The herd instinct among forecasters makes sheep look like independent thinkers. Edgar Fiedler

If the freedom of speech is taken away then dumb and silent we may be led, like sheep to the slaughter. George Washington
 
blacksheep
post Posted: Nov 4 2019, 02:00 PM
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A good start, but a long way to go before commercial sales - the product needs to be qualified. The qualification period for batteries is much more stringent than other applications - for obvious reasons.

No mention of what purity was achieved, or the yield. Historical industry data suggested 3 tonnes of flake graphite concentrate were required to produce 1 tonne of uncoated spherical graphite In recent times industry yields have improved in step with technology - 40 - 50%. The "waste" material can be sold, albeit at a much, much lower price than SPG SYR had in place a OTA with Hillier Carbon for some of this waste material - if I recall it was around 25ktpa

Assume the purification method SYR are using is still the HF chemical process. Most other western companies are avoiding this process

QUOTE
The micronized and rounded material is then purified from approximately 94%C to 99.95%C using hydrofluoric and sulphuric acid as impurities affect battery performance. On its own, wet chemical purification is a low cost process but large quantities of fresh water are required to rinse the graphite. Costs increase if neutralizing agents are added and proper environmental and health and safety practices are followed. This is one of the reasons almost all uSPG is produced in China. It will be very difficult and challenging to use HF in the west and companies planning on manufacturing SPG must have an alternative.


The waste water used in this process in Vidalia is to be delivered to the towns sewerage system - which according to the citizens of Vidalia .......

QUOTE
New letters from LDEQ to the Town of Vidalia are up on LDEQ's public records database. How can the city safely take Syrah's industrial waste when LDEQ audits show our WWTP in such poor shape? This group wants the city to require that Syrah obtain its own wastewater permit from LDEQ. They should be processing their own waste, not the city of Vidalia. In no way is it appropriate for a city to allow a first of its kind, unregulated industrial discharge to be allowed to use the city's wastewater permit.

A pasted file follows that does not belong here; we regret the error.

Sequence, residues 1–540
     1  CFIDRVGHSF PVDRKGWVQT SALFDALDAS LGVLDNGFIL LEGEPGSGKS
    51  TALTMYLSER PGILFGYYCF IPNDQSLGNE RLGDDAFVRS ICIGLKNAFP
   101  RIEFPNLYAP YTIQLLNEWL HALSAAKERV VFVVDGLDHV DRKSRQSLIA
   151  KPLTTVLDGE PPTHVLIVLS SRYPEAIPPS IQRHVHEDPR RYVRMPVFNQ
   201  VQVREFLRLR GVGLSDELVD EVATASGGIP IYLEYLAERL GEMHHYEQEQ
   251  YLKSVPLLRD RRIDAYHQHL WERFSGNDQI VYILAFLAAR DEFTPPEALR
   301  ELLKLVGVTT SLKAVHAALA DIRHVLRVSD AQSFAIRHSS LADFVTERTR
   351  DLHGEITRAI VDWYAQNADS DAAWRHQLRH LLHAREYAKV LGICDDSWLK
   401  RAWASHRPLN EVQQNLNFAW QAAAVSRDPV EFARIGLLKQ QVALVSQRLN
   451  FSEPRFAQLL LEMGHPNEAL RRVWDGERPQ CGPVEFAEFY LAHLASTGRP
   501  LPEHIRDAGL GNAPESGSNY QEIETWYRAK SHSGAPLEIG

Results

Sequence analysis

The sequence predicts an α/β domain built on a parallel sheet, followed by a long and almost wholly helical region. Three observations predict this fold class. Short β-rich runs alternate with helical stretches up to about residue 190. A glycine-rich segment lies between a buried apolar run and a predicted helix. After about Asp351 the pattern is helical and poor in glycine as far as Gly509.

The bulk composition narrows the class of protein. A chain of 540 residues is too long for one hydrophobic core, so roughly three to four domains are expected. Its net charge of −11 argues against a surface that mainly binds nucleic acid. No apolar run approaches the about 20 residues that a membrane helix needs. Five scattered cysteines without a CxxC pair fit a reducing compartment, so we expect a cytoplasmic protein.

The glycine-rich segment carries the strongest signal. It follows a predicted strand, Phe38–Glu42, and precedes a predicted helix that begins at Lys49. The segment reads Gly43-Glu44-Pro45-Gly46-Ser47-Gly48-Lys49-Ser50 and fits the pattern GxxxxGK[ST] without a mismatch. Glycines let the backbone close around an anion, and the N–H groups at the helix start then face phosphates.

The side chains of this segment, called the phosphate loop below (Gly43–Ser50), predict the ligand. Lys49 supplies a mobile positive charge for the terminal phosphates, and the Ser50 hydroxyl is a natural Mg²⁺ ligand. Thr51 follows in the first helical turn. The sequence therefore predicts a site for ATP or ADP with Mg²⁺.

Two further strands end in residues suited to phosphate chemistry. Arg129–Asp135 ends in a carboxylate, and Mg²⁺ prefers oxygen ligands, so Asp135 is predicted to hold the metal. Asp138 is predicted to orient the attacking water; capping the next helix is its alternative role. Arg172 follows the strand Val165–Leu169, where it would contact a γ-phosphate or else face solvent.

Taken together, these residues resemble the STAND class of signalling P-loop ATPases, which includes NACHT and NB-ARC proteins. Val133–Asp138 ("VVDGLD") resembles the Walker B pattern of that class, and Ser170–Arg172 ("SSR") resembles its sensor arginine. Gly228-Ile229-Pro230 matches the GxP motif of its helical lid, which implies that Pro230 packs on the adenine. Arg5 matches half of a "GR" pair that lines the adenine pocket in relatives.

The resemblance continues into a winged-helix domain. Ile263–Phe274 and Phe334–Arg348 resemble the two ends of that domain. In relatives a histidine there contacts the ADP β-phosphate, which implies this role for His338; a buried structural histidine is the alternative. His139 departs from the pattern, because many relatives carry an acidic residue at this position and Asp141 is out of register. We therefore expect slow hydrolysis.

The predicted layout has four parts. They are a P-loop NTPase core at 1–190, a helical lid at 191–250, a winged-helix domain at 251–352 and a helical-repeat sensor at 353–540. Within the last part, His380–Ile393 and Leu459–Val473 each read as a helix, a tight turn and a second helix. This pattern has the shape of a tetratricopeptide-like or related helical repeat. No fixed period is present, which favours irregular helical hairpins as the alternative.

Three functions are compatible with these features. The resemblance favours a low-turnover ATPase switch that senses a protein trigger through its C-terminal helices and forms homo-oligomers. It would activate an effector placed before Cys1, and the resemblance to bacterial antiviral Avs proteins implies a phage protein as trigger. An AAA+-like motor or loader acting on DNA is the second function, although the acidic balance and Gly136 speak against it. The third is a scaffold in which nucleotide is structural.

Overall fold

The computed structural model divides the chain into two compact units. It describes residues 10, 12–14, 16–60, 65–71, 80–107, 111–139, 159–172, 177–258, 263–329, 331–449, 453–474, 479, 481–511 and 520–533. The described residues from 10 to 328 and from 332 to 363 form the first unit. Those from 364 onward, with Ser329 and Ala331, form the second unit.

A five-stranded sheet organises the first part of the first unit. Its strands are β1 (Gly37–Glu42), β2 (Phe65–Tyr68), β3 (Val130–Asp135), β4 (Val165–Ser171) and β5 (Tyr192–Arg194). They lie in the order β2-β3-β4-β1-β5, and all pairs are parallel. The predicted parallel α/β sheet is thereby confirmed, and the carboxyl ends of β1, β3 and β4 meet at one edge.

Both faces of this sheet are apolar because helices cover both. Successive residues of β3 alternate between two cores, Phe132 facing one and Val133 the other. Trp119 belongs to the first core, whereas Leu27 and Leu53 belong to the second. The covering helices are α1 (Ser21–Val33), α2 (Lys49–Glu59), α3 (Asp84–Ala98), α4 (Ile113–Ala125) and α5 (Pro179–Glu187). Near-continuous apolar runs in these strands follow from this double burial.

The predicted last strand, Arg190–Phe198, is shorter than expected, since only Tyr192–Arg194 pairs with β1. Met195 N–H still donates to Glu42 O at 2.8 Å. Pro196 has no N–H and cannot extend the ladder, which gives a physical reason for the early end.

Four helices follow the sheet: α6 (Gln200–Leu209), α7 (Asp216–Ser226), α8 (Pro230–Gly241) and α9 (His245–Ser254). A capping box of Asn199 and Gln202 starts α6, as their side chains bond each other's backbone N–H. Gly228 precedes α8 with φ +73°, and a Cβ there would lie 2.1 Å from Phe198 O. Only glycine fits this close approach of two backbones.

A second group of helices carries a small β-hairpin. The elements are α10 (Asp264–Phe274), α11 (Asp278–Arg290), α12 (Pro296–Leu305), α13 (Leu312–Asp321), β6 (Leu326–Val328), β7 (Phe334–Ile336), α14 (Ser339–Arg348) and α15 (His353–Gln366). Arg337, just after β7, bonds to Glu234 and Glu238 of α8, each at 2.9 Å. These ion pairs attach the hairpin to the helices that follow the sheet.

https://www.facebook.com/saveconcordiaparish/

SYRAH FIRST PRODUCTION OF PURIFIED SPHERICAL GRAPHITE FROM BAM FACILITY
QUOTE
________________________________________________________________________________
____________
Syrah Resources Limited (ASX: SYR) (“Syrah” or “Company”) is pleased to announce the first production
of purified spherical graphite from its Battery Anode Material (“BAM”) plant in Vidalia, Louisiana, USA using
Syrah’s natural graphite from Balama. This represents the achievement of a significant milestone at
Syrah’s BAM project, and in the execution of the Company’s strategy of developing a vertically
integrated natural graphite anode material production capability.

Highlights
• Safe operations during construction and commissioning activities
• Construction activities for BAM plant milling, shaping and purification circuit complete
• First purified spherical graphite produced from Vidalia

Internal process optimisation, product testing and quality control assessment will continue in the coming
weeks in preparation for qualification products to be dispatched to target customers


SP currently up 9.47% @ 45c. Total short positions as at 29/10/19 = 17.49% - https://www.shortman.com.au/stock?q=SYR
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--------------------
The herd instinct among forecasters makes sheep look like independent thinkers. Edgar Fiedler

If the freedom of speech is taken away then dumb and silent we may be led, like sheep to the slaughter. George Washington
 
blacksheep
post Posted: Oct 26 2019, 02:18 PM
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Is SYR now fully funded, including BAM? If not it's getting a whole lot harder accessing debt financing. Also note comments re fund managers investing

QUOTE
“We’re turning down lots of stuff. Being green is a precondition for lending,” said Laurent Charbonnier, global head of metals and mining at HSBC, speaking ahead of LME Week when the world’s metal industry gathers in London.

Mine operators now face extensive checklists from lenders before they release funds and listed companies are being screened by fund managers before they buy their shares.

Assets in global “sustainable” funds have doubled over the past five years to $844 billion by end June, according to research firm Morningstar.

“For us, the scrutiny is all around us,” said Shishir Poddar, executive chairman of Tirupati Graphite plc, which plans to list in London.



read more - Metals sector in costly battle to turn green - https://www.mining.com/web/metals-sector-in...-to-turn-green/



--------------------
The herd instinct among forecasters makes sheep look like independent thinkers. Edgar Fiedler

If the freedom of speech is taken away then dumb and silent we may be led, like sheep to the slaughter. George Washington
 
blacksheep
post Posted: Oct 23 2019, 08:36 PM